Other astrophysical probes of the stochastic quantum-gravity effects may be provided by ultra-high-energy cosmic rays (UHECR) with energies above 1019 eV, as well as by TeV photons. The presence of such events seems puzzling from the point of view of Lorentz invariance – standard kinematics imply the existence of energy thresholds, the Greisen, Zatsepin, Kuzmin (GZK) cut-off, above which certain reactions would prevent such energetic particles from reaching the observation point, assuming an extra-galactic origin. Some exotic suggestions have been made to relate Lorentz invariance violation associated with the quantum-gravity-induced modification of the particle’s dispersion relations with the existence of UHECR or TeV photons, in the form of an abolition of the GZK cut-off in such models.

High-energy cosmic neutrinos are also sensitive probes of quantum-gravity effects. For instance, if a minimally suppressed refractive index for neutrinos is valid, then ultra-high-energy neutrinos of 1019 eV, which may be emitted from GRBs, will be completely dispersed and thus unobservable, according to models with minimal Planck-scale suppression. The observation of such energetic particles would therefore exclude such models right away. Minimal suppression models of quantum-gravity foam with baryon-number violating interactions are in fact already excluded on the basis of solar and extra-galactic neutrino observations, since such effects would lead to neutrino oscillations in direct conflict with the experiment.

Last, but not least, bounds on stochastic effects significantly more stringent than those placed by astrophysical observations may be obtained by means of atomic physics experiments. Such experiments are mainly concerned with measurements of quantum-gravity induced corrections to the gyromagnetic ratio of charged particles, which can be measured with high accuracy.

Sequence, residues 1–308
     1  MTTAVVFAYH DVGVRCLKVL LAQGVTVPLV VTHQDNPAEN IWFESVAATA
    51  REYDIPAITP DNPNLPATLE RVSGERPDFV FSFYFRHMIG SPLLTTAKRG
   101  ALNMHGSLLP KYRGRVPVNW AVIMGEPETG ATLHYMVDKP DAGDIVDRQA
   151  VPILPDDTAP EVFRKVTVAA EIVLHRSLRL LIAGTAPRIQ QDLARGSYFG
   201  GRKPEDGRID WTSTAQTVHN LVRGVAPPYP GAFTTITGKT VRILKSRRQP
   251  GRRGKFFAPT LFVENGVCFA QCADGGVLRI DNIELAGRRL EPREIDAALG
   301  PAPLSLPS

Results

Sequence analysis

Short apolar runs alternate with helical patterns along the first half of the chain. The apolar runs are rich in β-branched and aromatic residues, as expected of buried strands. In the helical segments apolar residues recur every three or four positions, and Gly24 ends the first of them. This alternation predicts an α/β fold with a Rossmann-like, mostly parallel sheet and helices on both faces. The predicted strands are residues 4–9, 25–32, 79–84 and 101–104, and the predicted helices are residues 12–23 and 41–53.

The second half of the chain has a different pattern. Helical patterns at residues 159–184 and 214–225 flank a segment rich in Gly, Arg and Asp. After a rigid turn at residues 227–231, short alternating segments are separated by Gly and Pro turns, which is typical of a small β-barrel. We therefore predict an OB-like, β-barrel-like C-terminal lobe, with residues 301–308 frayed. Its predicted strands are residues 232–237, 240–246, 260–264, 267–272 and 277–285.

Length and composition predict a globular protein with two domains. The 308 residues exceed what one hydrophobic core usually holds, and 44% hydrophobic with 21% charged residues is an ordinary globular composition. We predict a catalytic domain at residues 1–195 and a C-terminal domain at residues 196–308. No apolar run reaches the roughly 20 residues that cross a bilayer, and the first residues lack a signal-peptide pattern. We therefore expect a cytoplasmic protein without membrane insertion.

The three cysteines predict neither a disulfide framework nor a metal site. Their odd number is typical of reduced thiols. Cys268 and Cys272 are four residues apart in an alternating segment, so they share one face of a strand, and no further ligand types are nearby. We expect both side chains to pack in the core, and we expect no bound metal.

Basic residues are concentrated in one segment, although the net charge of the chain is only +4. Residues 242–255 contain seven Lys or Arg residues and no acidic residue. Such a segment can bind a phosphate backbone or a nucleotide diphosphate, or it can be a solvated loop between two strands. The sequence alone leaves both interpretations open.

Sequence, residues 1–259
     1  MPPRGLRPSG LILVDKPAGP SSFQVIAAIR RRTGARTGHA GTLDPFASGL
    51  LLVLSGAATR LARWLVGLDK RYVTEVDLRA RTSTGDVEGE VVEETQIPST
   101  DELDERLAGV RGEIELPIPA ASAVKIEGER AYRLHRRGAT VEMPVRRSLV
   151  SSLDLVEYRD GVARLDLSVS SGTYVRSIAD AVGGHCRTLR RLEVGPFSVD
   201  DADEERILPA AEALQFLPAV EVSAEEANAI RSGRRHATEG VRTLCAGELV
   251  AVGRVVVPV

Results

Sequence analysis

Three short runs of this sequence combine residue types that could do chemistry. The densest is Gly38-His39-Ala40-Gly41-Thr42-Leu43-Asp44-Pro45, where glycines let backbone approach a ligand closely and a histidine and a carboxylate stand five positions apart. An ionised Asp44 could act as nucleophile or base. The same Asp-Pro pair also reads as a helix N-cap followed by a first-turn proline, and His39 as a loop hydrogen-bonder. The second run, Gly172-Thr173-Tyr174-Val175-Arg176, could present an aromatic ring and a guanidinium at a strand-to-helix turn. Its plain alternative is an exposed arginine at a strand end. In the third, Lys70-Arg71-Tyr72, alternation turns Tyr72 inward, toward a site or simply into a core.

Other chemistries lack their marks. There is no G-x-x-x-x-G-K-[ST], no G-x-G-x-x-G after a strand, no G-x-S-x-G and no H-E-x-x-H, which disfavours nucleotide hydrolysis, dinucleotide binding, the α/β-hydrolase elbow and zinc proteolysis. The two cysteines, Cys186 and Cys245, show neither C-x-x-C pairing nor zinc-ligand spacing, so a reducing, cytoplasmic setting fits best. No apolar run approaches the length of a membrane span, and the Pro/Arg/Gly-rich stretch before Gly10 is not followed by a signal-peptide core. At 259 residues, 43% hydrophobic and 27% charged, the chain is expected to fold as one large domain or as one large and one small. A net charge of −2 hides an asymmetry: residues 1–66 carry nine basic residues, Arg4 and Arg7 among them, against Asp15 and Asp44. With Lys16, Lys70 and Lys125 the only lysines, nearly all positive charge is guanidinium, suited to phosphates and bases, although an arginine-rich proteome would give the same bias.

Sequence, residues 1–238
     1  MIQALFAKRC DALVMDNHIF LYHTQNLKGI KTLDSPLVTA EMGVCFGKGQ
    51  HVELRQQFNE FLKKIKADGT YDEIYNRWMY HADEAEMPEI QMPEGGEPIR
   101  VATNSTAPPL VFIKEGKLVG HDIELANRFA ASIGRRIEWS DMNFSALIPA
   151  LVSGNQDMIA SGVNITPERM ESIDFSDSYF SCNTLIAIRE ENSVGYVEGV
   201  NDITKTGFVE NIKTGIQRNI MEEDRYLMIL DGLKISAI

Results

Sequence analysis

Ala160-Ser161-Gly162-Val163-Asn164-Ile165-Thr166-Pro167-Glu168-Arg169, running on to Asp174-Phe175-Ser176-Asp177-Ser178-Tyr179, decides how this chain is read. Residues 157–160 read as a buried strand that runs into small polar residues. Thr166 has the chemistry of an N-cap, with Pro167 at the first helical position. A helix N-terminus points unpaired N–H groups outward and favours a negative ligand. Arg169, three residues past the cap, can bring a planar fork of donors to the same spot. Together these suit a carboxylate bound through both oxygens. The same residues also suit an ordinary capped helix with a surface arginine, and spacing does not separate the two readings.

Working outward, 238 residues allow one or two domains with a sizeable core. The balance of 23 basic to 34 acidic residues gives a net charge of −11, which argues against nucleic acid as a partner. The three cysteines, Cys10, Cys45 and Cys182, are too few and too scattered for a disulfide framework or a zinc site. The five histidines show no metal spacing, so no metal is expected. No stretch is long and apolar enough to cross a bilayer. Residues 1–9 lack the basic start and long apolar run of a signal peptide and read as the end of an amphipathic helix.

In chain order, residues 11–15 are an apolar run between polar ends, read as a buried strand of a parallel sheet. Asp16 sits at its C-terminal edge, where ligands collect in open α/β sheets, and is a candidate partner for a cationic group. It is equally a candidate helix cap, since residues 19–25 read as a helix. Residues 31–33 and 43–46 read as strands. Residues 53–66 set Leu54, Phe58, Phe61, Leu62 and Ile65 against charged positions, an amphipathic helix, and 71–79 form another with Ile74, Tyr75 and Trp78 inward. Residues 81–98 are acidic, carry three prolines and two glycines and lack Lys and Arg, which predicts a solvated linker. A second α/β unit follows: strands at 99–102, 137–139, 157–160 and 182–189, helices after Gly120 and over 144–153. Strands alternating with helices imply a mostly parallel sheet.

In summary, a plethora of relatively low-energy measurements can be made, some of which are already on the verge of excluding Planckian physics models. Any future experimental attempt to bind models of quantum gravity should therefore be encouraged, since they present the only way to arrive at a true theory of quantum gravitation, which will probably lead to a better understanding of the structure of space-time itself. The concept of a phenomenology of quantum gravity may soon no longer be considered oxymoronic.

Further reading

R Adler et al. 1995 CPLEAR collaboration Phys. Lett. B364 239.
G Amelino-Camelia et al. 1998 Nature 393 763 (astro-ph/9712103 at
J Ellis, N E Mavromatos and D V Nanopoulos 1993 Erice Subnucl. Series 31 1 (hep-th/9304133 at
J Ellis, K Farakos, N E Mavromatos, V Mitsou and D V Nanopoulos 2000 Astrophys. J. 535 139.
J Ellis, N E Mavromatos and D V Nanopoulos 2000 Phys. Rev. D62 084019 (gr-qc/0006004 at
R Gamibini and J Pullin 1999 Phys. Rev. D59 124021. (gr-qc/9809038 at
R Gamibini and J Pullin 2001 gr-qc/0110054 at
L J Garay 1999 Int. J. Mod. Phys. A14 4079 (gr-qc/9911002 at
L Gonzalez-Mestres 1997 physics/9704017 at
Hong-wei Yu and L H Ford 1999 Phys. Rev. D60 084023 (gr-qc/9904082 at
N E Mavromatos 2000 Dark matter in astro and particle physics Proc. Heidelberg 2000 209 ed. H V Klapdor-Kleingrothaus (Springer, Berlin) (gr-qc/0009045 on
Subir Sarkar 2002 gr-qc/0204092 on